Cloud technologies offer the promise of assured sustained high performance for a range of different industries, and none more so than oil and gas. By sharing data in the cloud, OEMs (Original Equipment Manufacturers) have access to machine data from their customer’s plant in real-time which they can analyze and act upon. This supports the growing trend of the industry moving away from purchasing equipment, but instead, purchasing the outcome the equipment is supposed to provide, a model known as Outcome-as-a-Service.
Through in-depth data analysis, any issues with your plant performance can be detected and acted upon. With everything being hosted in the cloud, any issue you encounter can be remedied immediately. In addition, you can be confident that the tools and models are always calibrated and accurate, and with this, the results are always trustworthy and worth implementing. Your digital adoption should no longer be constrained by limited in-house skills, and decision makers can simply focus on the delivery of results and insights.
By adopting simulation models, such as our very own Petro-SIM, you’ll be able to upgrade data. Due to the fact that simulators obey fundamental physical laws (such as heat and material balance, thermodynamic equilibriums and so on) they can be used to validate inbound data – they will reject bad data, reconcile inconsistent data and fill in the gaps between missing data. This provides you with a trusted data stream for consumption by digital tools and users. Furthermore, simulation models calculate variables that are not directly measurable, such as fouling factors, distillation tray flooding, equipment efficiencies to name just a few. These so-called “virtual meters” have proven to be a richer source of data for analytics and data mining than the low level or raw measured data alone.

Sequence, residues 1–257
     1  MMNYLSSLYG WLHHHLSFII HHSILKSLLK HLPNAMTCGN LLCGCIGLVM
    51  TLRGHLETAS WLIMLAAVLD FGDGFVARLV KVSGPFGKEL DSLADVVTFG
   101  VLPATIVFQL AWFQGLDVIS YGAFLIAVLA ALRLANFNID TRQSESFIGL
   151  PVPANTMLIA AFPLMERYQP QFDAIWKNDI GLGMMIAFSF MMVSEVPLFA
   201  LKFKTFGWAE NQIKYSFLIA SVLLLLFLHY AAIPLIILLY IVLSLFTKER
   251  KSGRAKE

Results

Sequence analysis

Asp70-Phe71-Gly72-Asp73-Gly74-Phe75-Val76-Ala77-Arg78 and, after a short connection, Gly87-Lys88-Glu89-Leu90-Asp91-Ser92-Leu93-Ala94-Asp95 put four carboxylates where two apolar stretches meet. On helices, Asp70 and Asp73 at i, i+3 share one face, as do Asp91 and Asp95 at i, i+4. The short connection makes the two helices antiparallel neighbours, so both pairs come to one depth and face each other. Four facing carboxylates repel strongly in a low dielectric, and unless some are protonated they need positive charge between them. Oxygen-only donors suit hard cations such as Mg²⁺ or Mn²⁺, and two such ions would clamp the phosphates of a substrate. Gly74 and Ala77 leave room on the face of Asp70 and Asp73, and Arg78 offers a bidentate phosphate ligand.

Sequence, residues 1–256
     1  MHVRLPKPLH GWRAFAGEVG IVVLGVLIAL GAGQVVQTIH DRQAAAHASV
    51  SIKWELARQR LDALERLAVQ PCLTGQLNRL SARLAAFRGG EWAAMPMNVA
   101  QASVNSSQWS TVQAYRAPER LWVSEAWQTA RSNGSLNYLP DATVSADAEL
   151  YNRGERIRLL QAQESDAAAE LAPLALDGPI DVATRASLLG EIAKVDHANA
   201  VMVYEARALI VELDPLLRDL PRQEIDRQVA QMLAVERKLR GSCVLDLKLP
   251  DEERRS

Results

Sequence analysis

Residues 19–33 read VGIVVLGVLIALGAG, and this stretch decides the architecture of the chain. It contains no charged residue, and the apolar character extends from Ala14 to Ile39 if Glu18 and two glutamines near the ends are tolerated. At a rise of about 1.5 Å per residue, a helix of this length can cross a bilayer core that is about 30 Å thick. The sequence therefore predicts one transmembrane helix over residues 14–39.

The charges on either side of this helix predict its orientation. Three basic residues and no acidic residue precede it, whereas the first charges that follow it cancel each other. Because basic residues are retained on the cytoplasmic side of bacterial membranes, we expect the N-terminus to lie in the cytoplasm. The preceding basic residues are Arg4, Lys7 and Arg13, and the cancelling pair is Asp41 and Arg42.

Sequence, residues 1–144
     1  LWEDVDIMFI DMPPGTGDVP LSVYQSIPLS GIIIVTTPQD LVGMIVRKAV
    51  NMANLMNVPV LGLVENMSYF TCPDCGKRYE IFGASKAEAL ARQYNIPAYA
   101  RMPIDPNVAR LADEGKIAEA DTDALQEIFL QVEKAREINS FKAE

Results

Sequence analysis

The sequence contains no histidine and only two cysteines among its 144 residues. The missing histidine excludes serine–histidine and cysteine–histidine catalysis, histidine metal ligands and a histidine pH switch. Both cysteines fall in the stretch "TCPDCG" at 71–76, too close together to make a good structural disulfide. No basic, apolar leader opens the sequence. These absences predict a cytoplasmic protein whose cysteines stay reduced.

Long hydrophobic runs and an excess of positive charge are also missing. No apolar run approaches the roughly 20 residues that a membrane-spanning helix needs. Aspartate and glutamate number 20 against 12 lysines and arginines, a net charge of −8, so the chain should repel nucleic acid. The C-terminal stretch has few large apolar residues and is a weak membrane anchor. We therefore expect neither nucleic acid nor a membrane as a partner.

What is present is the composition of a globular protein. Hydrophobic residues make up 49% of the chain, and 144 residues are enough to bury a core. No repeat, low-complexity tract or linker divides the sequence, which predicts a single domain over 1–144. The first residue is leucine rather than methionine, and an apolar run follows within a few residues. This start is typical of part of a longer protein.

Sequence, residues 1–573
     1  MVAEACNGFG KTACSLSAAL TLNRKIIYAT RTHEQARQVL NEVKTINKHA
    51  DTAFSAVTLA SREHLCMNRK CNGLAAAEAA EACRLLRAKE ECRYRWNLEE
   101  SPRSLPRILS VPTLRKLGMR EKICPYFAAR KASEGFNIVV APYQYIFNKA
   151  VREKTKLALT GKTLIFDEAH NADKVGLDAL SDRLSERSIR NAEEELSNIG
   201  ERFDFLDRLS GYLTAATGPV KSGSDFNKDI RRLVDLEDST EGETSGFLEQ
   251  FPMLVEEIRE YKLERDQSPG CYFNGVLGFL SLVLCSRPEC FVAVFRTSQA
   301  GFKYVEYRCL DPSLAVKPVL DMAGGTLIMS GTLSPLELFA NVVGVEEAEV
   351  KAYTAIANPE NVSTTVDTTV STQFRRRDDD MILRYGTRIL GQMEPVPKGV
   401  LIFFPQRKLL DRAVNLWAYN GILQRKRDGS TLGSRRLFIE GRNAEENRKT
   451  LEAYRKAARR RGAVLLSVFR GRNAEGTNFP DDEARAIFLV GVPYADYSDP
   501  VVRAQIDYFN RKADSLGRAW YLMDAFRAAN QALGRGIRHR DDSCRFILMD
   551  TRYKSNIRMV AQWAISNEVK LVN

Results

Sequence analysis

The cloud is primarily about collaboration and is the enabler for the next generation of digital tools. It’s time for the oil and gas industry to capitalize on the benefits the cloud has to offer, and start turning data into dollars.
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The speed of business has been rapidly re-writing the job description of an engineer in the oil and gas industry in recent years. The world is becoming more and more short-term oriented. The proliferation of big data being transmitted in real-time at ever rising velocities has compressed the timelines for decision-making. The pressure to deliver immediate results in terms of safe, reliable and profitable operations has intensified.